With the arrival of southern Ontario’s gardening season, here’s what can be done now to prepare

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WATCH ABOVE: Representatives from GardenWorks share their advice for preparing your garden for the upcoming season – Mar 20, 2021

With the arrival of the Easter long weekend, it might be tempting to begin preparing gardens for the upcoming season.

However, southern Ontario residents were warned to be careful to not do too much work in the yard — at least for now.

“It’s a busy time of year right around Easter for gardeners, whether it’s outside getting the beds ready, putting the compost in, as soon as that soil is workable you can kind of get all that done,” Global News chief meteorologist Anthony Farnell said on Friday.

“But just also know there are going to be days below freezing, so frost for the next month at least we’re still expecting the threat of that.”

Read more: The benefits of growing a garden during the COVID-19 crisis

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In the Greater Toronto Area, Farnell said the region is starting to move away from hard overnight freezes. He said while March was the eighth-warmest on record, April will be closer to seasonal and the first half of the month is expected to be drier while heavier rains are expected in the latter half.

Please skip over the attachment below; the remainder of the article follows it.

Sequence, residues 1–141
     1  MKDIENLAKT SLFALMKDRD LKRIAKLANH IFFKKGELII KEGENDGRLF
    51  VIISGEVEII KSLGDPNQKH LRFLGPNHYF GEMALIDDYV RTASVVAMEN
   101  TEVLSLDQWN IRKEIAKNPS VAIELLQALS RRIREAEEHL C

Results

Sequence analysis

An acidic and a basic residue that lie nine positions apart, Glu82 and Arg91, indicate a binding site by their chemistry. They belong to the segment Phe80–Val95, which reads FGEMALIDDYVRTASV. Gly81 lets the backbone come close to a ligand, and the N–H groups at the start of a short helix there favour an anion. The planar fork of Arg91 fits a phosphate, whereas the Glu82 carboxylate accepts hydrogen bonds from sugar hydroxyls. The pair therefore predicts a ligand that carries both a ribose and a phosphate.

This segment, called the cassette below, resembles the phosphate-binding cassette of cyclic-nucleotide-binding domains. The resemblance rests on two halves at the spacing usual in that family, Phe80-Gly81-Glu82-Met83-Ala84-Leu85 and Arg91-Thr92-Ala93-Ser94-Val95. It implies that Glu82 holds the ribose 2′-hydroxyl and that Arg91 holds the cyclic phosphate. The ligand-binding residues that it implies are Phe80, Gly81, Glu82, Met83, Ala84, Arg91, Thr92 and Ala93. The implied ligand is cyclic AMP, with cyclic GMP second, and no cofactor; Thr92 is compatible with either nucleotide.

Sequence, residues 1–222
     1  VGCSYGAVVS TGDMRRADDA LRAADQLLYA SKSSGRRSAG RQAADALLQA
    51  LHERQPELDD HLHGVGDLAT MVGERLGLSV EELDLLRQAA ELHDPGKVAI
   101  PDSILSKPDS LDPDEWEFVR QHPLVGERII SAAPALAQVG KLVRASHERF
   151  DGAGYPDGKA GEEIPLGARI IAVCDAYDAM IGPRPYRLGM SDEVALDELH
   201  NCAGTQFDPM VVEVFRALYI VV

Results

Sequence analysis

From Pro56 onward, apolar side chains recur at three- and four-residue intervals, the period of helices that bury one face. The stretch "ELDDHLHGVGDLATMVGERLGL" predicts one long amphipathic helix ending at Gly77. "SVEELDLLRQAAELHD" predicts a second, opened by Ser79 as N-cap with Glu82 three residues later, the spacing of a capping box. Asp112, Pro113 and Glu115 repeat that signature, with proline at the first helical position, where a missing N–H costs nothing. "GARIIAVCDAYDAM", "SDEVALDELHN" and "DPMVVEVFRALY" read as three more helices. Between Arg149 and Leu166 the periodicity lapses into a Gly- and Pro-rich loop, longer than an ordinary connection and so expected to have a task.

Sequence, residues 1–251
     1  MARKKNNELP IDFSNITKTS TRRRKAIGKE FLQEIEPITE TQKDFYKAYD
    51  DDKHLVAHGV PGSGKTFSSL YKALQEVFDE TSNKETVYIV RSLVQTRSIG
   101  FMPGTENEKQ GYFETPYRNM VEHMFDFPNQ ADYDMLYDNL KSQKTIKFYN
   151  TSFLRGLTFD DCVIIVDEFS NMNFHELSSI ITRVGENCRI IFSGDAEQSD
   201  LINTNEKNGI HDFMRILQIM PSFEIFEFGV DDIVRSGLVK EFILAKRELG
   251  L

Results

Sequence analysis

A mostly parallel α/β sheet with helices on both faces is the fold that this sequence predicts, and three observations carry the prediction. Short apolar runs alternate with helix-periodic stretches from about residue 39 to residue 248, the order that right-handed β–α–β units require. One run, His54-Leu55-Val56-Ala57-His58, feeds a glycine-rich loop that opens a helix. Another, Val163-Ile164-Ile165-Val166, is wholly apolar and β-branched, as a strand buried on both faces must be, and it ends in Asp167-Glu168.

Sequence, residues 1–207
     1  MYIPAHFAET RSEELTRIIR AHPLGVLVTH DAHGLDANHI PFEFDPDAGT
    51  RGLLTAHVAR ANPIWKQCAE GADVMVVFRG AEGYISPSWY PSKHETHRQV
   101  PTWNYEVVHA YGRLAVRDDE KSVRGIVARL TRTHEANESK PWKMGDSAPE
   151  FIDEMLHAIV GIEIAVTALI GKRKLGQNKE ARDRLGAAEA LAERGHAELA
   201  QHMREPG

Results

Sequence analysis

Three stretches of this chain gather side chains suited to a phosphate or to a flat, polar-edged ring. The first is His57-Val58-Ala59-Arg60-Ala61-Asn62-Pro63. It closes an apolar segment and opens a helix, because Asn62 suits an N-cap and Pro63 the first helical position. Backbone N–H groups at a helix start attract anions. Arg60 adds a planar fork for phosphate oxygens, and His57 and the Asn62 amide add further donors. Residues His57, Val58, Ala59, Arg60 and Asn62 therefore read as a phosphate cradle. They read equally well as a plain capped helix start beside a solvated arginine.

Farnell added communities farther away from the Great Lakes are seeing cooler temperatures and residents were encouraged to wait longer before beginning planting.

So what generally can go into the garden now? Farnell said Kale, broccoli, Brussels sprouts, spinach, arugula, and peas are the safer bets.

“It’s early, but those types of plants can now go into the garden. You can still wait a couple of weeks if you want, they’re not going to grow quickly, but I know a lot of people are eager this year to get going,” he said.

READ MORE: What you can do now to prepare for gardening season

Farnell also said flowers like pansies, tulips, and daffodils are generally safe for this time of the season. He also noted trees and shrubs can go in the ground as soon as the week of April 5, so long as the soil has thawed and is workable.

For those looking to plant herbs, vegetables, and berries, Farnell said people should wait until they see consistent daytime highs of 10 C.

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“Stuff like basil, the second it goes to 0 C it turns to mush and brown, so herbs need a little bit more sun and warmth,” he said.

READ MORE: Toronto city staff recommend strategy to protect pollinating insects

If you’re looking to get a jump on those types of crops and haven’t begun planting seeds indoors yet, Farnell added now is the time to get that done.

Farnell had a final encouragement for residents: Don’t rake any leaves or natural debris from the 2020 season. He said people should wait at least another couple of weeks or until temperatures are above 10 C in order to protect pollinating insects that might still be hibernating.

“Bees are critical for gardens and become a lot less numerous with some of the diseases that are going from different colonies, so anything we can do to save them… just wait,” Farnell said.

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